By Catherine Hunt / LSU Manship School News Service
BATON ROUGE — The Louisiana Senate passed 29-9 another bill aimed at lowering insurance rates by limiting damage lawsuits.
The bill by House Speaker Clay Schexnayder, R-Gonzales, attempts to change Louisiana’s legal climate that Republicans and business groups say results in Louisiana drivers paying the second highest insurance rates in the country.
A similar bill by Sen. Kirk Talbot, R-River Ridge, addressed several components of Louisiana’s tort laws that Republicans say lead to high rates, but it was vetoed by Gov. John Bel Edwards.
Schexnayder’s bill mirrors Talbot’s bill in some ways but leaves out provisions that some lawmakers say are important to lower rates.
Talbot’s bill would have decreased the monetary amount an injury has to be worth to be decided by a jury rather than a judge, called jury trial threshold; prohibited plaintiffs from suing insurance companies directly, called direct action; increased the time parties have to file lawsuits to encourage settling out of court, called prescription; and prohibited using evidence of a plaintiff receiving payment from sources besides the defendant, called collateral source.
His bill also would have allowed juries and judges to hear whether someone was wearing a seatbelt at the time of an accident.
Schexnayder’s bill, however, would only lower the jury trial threshold, prohibit juries from knowing what insurance company is involved in a lawsuit rather than preventing companies from being sued directly and allow seatbelt use into evidence.
Insurance Commissioner Jim Donelon said Talbot’s changes could have resulted in premium reductions of at least 10 percent. However, companies could be excused from reducing rates if they can prove that doing so would lead to insolvency. Republicans assume Schexnayder’s bill also would lower rates but could not provide an estimate.
“Instead of a home run, it’s a triple,” said Sen. Barrow Peacock, R-Bossier City, when comparing the bill to Talbot’s.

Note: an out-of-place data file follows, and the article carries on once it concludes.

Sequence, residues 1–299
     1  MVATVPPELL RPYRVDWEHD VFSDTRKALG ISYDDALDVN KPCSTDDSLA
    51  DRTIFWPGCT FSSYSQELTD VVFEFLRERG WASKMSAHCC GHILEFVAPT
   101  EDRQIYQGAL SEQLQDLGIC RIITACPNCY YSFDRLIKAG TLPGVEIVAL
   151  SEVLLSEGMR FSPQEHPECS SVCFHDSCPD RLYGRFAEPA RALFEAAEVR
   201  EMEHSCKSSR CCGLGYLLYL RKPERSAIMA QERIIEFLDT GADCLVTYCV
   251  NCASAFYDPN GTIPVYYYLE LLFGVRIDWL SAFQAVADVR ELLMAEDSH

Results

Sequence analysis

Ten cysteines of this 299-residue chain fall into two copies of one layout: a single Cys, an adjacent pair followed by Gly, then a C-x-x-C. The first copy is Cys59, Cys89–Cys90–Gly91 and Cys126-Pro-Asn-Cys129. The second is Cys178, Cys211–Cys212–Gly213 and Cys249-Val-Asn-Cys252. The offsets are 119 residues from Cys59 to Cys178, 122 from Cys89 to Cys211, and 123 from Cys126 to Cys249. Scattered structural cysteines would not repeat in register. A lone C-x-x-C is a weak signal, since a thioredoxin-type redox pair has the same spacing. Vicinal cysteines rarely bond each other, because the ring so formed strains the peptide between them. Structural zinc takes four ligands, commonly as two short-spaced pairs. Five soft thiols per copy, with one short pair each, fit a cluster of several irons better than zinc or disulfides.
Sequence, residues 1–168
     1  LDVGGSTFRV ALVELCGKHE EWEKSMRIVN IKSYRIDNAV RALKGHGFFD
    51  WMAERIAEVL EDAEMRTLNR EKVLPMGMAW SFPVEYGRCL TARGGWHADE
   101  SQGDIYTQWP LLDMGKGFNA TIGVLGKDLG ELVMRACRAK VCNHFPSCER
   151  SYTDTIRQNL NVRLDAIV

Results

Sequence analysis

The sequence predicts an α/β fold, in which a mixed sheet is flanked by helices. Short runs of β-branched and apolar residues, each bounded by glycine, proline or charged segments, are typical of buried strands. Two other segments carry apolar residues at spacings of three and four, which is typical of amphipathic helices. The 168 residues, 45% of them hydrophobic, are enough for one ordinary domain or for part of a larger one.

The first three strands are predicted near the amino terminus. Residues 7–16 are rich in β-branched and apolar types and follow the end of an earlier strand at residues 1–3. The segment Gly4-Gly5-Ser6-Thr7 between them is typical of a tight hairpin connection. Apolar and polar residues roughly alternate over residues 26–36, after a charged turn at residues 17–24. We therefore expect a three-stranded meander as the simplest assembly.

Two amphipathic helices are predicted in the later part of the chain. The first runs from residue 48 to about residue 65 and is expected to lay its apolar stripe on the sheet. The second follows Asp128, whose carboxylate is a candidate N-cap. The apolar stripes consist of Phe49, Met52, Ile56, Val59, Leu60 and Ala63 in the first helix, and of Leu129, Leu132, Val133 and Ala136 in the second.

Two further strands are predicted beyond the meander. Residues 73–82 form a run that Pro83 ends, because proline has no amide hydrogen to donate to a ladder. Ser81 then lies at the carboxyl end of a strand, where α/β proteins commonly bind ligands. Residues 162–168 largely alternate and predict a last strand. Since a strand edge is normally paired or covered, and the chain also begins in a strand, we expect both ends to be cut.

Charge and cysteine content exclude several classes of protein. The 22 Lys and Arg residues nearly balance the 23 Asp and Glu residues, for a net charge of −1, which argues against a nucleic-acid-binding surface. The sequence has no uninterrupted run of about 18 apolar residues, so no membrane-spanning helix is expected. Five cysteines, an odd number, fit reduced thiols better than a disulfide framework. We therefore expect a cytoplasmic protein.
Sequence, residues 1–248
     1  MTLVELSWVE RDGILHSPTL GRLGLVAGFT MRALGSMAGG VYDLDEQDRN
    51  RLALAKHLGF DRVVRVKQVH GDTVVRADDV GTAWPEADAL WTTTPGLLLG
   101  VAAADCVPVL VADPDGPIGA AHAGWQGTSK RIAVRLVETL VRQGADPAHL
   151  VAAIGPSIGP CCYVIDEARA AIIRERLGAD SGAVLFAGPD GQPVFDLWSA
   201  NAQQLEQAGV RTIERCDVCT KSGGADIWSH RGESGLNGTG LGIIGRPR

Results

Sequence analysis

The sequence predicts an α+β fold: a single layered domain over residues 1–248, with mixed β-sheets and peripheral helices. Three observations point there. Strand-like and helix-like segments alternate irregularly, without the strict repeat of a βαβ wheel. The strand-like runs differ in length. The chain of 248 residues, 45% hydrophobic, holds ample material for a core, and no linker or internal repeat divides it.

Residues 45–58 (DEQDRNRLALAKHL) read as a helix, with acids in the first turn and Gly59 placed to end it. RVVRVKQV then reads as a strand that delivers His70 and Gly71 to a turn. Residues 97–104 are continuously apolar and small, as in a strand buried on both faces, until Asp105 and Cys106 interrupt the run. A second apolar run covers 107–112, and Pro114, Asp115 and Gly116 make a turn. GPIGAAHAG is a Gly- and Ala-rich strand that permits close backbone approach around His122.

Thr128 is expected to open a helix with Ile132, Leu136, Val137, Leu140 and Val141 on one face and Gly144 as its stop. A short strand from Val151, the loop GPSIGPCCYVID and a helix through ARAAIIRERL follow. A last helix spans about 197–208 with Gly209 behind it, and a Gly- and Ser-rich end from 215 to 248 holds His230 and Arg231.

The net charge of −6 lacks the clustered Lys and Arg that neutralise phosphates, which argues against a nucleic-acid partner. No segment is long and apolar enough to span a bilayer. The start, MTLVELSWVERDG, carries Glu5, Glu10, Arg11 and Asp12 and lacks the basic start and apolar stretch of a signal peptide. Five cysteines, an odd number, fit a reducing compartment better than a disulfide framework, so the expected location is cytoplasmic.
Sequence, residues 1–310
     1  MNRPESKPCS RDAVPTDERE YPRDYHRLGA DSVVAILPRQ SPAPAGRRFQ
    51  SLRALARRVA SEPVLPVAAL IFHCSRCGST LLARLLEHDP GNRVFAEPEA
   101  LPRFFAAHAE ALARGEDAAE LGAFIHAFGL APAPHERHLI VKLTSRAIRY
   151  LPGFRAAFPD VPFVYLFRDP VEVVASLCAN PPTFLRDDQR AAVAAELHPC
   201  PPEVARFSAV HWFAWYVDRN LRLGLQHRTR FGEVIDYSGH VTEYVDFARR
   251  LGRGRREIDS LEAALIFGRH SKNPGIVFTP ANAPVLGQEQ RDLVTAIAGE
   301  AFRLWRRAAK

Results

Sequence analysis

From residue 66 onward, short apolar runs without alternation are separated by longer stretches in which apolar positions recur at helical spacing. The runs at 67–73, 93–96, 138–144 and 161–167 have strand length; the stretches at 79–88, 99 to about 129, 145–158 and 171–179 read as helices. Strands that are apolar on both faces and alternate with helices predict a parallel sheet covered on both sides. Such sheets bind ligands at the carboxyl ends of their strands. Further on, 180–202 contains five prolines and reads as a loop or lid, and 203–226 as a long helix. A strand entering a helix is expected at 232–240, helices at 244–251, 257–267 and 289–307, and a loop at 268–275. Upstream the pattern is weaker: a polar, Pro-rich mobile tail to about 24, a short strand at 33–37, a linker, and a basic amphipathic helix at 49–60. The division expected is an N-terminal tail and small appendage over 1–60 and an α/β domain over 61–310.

Some Republican lawmakers were disappointed with Schexnayder’s bill for leaving out changes to Louisiana’s tort laws that Talbot’s bill addressed.
“This bill will not effectively address the crisis that we have with commercial auto here in the state of Louisiana,” said Sen. Heather Cloud, R-Turkey Creek, who owns a trucking company. “It is high time for everybody that has a vested interest in the crisis that we have in the state to come together, come up with the remedy and provide relief.”
Democrats say that there is no evidence that these legal changes would lead to rate reductions, and they note that the bill does not mandate a reduction. Democrats have sponsored legislation that would try to lower rates by prohibiting insurance companies from determining rates based on marital status, credit score and other demographics, but faced opposition from Republicans.
“I believe our rates haven’t come down because we’re not truly addressing the problems,” said Sen. Jay Luneau, D-Alexandria.
Senate Judiciary A Committee voted last Wednesday to pass Schexnayder’s bill and deferred a similar bill by Rep. Ray Garofalo, R-Chalmette, that is nearly identical to Talbot’s. Lawmakers said their goal was to pass one piece of legislation from the Senate to avoid having slightly different bills competing.
Committees also passed other pieces of legislation that address the same components of tort law. Identical resolutions by Rep. Alan Seabaugh, R-Shreveport, and Sen. Robert Mills, R-Minden, would repeal the current seatbelt rule, prohibit suing insurance companies directly and remove the monetary requirement needed for juries to hear a case.
Unlike bills, resolutions are veto-proof and would have to be renewed by the Legislature every year, unless a bill that does the same thing is signed into law by Edwards. The resolutions, if successful, would take effect immediately.
Schexnayder’s bill, called the Civil Justice Reform Act, now moves back to the House for a final vote. Lawmakers also could still attempt to override Edwards’ veto of Talbot’s bill before the special session ends on July 1, but they have not been able to pull together enough votes so far.